The problems do not only impact the young girl but any children she gives birth to; the babies of child brides are 60% more likely to perish in the first year they are born in contrast to babies born to women who are above 19 years of age. The child bride’s family is also likely to be sickly, feeble, and impoverished.
UNICEF and UNFPA united in 2016 in the form of ‘a Global Programme to Accelerate Action to End Child Marriage in 12 countries with the highest rates of child brides.’ This programme has been executed in South Asia in Bangladesh, Nepal, and India. It hopes to bring together sectors which include health, education, and protection of children along with clean water and hygiene which would work to achieve their objectives. Another organisation working tirelessly towards the prevention of this custom is Girls Not Brides, which is a global partnership that has over 1300 organisations in more than 100 countries to end child marriages and let young girls have the chance to live up to their potential.
According to UNICEF, more than 115 million boys are married globally before they reach 18 and even though the types of consequences adhered by girls and boys due to child marriage are not the same due to biological and social differences, they still violate human rights. Child grooms are also coerced into taking adult responsibilities with the sacrifice of their childhood. The marriage may result in having offspring and the young boy being pressured with having to deal with its economic repercussions and that of being a parent which can also affect the development of education and career. The countries that are abundantly high in child marriage for boys vary from those that have a high density of child marriage for girls.
Being a child one day and ending up married the next, a concept which may even be lost on the child, it is crucial to understand what the child must feel to live a life that was decided by others at the time when school and playing with toys is all that mattered. The parents of these children often tend to believe they are doing what is best for their offspring and their families.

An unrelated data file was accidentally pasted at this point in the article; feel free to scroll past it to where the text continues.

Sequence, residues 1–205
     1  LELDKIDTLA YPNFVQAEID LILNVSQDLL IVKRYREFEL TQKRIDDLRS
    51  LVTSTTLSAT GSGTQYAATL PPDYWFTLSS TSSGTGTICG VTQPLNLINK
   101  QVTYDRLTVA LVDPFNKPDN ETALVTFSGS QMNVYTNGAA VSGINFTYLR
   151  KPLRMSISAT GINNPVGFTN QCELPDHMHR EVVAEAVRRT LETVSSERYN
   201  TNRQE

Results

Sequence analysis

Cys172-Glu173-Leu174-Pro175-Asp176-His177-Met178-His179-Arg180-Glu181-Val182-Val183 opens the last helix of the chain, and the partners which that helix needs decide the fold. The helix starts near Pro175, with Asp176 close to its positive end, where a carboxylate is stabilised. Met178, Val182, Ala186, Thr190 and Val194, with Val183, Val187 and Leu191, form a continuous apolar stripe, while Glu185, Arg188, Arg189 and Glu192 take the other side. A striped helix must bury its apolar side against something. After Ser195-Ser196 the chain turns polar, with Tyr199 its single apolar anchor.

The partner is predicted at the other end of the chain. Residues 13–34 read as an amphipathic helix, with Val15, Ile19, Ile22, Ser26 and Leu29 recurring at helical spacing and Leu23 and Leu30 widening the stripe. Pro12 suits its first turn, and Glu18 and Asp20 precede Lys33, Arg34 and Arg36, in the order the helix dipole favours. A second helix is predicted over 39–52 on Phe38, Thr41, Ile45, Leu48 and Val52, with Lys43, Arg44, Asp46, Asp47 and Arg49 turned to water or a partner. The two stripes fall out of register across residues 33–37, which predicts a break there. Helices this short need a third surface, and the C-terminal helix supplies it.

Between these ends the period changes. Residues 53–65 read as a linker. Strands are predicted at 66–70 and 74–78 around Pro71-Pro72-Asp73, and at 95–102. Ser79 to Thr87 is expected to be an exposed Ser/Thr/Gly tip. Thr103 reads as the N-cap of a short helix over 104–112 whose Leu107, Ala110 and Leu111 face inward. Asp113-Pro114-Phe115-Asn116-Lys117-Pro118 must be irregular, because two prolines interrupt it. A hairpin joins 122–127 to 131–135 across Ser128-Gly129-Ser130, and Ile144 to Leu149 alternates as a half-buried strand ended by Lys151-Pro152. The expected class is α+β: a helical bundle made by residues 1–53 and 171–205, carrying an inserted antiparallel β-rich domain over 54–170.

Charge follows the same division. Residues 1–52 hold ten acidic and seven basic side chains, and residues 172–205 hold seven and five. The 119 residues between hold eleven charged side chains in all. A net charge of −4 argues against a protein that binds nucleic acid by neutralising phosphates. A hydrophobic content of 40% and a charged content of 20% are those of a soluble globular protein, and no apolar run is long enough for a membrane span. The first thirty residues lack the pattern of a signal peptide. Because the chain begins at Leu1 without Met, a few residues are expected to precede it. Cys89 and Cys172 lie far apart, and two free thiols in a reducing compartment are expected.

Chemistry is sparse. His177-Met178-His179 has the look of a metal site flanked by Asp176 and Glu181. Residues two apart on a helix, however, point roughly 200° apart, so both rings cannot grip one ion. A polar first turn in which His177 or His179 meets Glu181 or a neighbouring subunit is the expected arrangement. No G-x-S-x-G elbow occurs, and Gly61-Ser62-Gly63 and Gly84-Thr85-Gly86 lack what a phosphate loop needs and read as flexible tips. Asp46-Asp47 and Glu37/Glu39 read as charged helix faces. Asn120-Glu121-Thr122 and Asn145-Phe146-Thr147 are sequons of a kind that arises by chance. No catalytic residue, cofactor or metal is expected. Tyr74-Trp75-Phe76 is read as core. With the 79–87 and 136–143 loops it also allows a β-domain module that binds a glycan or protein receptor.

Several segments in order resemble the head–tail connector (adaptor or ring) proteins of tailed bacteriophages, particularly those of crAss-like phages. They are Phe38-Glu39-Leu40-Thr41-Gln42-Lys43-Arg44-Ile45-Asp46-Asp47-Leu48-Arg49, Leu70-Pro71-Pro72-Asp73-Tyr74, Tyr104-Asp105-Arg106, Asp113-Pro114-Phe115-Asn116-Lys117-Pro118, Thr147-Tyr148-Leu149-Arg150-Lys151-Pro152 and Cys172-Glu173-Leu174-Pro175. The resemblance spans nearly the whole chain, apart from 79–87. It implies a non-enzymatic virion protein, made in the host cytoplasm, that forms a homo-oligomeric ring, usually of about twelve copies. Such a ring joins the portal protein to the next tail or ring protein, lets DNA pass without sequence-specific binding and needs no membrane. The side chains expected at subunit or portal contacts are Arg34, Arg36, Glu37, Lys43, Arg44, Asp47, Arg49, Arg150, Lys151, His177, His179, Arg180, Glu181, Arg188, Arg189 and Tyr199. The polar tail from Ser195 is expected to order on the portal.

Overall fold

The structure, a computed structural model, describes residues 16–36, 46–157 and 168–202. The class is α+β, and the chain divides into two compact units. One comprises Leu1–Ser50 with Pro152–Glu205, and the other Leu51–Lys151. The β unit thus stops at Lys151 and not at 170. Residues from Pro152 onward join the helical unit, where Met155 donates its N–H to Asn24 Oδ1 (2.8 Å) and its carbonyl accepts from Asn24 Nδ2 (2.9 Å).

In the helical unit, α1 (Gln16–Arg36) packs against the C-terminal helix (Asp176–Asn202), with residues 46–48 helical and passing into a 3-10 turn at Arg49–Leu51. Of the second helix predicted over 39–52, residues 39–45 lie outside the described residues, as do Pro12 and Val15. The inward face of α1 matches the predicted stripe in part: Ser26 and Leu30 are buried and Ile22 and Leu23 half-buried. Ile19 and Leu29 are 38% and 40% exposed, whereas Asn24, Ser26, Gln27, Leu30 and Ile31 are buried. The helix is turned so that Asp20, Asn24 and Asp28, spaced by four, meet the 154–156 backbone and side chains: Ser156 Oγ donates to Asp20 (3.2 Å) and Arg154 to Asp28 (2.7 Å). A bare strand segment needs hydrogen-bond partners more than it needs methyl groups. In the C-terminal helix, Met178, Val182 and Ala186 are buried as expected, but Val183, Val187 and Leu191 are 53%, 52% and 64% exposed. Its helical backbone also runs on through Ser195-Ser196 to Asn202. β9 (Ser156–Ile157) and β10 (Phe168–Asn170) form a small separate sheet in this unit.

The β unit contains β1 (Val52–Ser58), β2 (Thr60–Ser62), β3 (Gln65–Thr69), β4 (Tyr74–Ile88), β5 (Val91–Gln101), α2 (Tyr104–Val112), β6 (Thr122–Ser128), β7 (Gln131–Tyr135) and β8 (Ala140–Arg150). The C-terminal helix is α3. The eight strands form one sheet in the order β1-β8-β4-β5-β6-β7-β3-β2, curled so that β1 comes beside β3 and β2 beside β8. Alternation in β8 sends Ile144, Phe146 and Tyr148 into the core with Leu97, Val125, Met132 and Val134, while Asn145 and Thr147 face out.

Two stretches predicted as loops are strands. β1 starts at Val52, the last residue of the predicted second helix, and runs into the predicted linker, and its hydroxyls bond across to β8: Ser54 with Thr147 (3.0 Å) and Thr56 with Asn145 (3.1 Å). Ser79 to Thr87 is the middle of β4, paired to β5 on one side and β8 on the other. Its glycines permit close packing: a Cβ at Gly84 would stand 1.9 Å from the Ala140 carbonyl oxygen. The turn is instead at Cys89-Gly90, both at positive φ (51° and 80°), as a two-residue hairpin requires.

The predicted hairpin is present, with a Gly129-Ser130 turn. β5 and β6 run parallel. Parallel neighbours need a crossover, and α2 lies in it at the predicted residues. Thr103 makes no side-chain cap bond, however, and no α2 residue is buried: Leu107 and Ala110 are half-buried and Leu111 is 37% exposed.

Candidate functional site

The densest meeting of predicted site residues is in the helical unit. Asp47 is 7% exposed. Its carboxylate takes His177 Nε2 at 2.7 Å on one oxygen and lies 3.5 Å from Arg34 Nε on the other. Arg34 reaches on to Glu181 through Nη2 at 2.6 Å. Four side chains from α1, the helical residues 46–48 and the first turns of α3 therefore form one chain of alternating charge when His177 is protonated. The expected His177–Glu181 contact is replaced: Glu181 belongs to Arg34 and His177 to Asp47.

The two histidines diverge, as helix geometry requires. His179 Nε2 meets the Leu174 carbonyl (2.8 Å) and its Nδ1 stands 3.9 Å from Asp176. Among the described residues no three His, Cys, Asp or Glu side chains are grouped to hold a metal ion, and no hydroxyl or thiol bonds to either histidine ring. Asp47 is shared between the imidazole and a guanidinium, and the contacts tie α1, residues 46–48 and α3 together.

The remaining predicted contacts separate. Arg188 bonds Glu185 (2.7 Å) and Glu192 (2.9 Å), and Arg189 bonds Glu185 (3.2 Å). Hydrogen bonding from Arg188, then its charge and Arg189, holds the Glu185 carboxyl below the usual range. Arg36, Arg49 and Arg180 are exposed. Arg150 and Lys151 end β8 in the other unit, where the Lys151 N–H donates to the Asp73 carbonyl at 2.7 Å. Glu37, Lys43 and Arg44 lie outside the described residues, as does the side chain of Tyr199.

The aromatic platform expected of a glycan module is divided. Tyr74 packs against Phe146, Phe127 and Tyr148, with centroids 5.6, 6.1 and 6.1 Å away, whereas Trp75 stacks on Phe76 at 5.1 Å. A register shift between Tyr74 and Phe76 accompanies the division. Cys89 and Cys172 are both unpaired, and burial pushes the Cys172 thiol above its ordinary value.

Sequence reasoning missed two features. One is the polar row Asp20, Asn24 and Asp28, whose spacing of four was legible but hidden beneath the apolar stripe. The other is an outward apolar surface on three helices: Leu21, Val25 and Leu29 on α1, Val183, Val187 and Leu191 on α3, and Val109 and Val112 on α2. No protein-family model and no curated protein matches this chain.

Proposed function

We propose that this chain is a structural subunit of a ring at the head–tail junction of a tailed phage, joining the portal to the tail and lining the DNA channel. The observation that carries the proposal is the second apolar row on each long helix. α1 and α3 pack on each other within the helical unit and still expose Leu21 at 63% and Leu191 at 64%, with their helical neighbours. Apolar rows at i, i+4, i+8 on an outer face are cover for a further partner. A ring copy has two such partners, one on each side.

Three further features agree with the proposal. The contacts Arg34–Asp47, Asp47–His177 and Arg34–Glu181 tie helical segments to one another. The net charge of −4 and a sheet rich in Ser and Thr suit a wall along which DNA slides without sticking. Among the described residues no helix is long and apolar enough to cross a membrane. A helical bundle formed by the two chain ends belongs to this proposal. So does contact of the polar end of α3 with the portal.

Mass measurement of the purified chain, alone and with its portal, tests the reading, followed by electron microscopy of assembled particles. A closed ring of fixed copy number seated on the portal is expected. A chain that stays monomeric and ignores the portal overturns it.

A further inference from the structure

The traumatic experiences that these young girls and boys face will be forevermore; the consequences of which they will deal with always- be it lack of education, poverty, health, or raising children while they themselves are growing up.
Suborna is now fifteen years old and is a child forum member of Muksudpur Area Development Programme (ADP) of the organisation in Bangladesh that saved her future and possibly her life, World Vision Bangladesh. She continues to learn about the impact of child marriage with her friends and envisons a world where it will not destroy any more lives.
She has prevented the marriages of many young girls along with her ‘Bandhan’ child forum members and has encouraged them to go back to school. She aspires to be a teacher in her village one day.
“World Vision has made my parents be proud of me. I finally made my father understand that his daughters could be his support in old age. And I succeeded. My youngest two sisters are now also going to school,” Suborna has animatedly reported back about her life.
From running around on the grass one day to raising their own children the next, will young girls finally have a chance to seek a better life where they are not considered a ‘burden’ based on their gender?